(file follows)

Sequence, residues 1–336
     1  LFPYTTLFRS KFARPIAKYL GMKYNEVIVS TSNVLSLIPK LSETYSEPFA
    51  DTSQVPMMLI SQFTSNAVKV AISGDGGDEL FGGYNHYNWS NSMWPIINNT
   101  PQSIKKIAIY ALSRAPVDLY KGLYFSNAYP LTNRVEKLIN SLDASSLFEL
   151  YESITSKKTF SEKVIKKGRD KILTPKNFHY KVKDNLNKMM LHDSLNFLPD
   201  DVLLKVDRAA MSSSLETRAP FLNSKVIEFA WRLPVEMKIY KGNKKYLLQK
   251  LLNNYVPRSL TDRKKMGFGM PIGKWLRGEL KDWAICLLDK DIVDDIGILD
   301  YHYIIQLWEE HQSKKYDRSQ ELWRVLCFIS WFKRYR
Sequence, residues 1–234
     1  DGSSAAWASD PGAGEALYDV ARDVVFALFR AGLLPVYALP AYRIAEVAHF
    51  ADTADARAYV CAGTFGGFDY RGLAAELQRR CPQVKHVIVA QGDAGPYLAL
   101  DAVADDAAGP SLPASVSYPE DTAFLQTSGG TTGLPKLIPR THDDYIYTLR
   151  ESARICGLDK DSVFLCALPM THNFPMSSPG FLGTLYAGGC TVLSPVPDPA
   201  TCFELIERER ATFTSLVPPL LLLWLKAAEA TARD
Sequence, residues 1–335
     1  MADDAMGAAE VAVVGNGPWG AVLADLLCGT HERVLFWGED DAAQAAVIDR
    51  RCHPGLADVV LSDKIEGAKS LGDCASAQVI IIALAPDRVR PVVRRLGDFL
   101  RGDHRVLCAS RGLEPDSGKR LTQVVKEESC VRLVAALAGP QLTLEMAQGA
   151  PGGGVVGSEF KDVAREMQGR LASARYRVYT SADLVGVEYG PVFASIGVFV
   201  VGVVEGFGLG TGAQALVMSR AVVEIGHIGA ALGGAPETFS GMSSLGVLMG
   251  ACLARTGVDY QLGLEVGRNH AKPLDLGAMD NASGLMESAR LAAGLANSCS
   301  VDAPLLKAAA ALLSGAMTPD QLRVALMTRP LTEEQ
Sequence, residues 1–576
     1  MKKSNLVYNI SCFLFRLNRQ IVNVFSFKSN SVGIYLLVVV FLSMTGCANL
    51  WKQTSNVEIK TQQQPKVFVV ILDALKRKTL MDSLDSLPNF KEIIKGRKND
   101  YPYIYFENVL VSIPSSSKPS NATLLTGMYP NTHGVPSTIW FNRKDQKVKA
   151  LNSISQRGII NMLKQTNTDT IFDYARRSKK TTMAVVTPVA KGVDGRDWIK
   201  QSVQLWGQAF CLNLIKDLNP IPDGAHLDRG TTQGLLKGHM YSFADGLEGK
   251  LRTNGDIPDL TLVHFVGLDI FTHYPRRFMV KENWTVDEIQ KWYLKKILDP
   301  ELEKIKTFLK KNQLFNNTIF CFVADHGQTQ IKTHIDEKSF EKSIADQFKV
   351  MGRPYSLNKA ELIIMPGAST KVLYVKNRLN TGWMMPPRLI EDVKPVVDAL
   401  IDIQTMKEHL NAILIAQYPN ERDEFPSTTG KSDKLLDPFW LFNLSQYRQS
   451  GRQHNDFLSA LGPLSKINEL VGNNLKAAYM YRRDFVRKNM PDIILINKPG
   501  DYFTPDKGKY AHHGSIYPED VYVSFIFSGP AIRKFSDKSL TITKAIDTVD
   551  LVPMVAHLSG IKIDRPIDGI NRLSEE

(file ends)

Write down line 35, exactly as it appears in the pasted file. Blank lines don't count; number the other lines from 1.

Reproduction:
   551  LVPMVAHLSG IKIDRPIDGI NRLSEE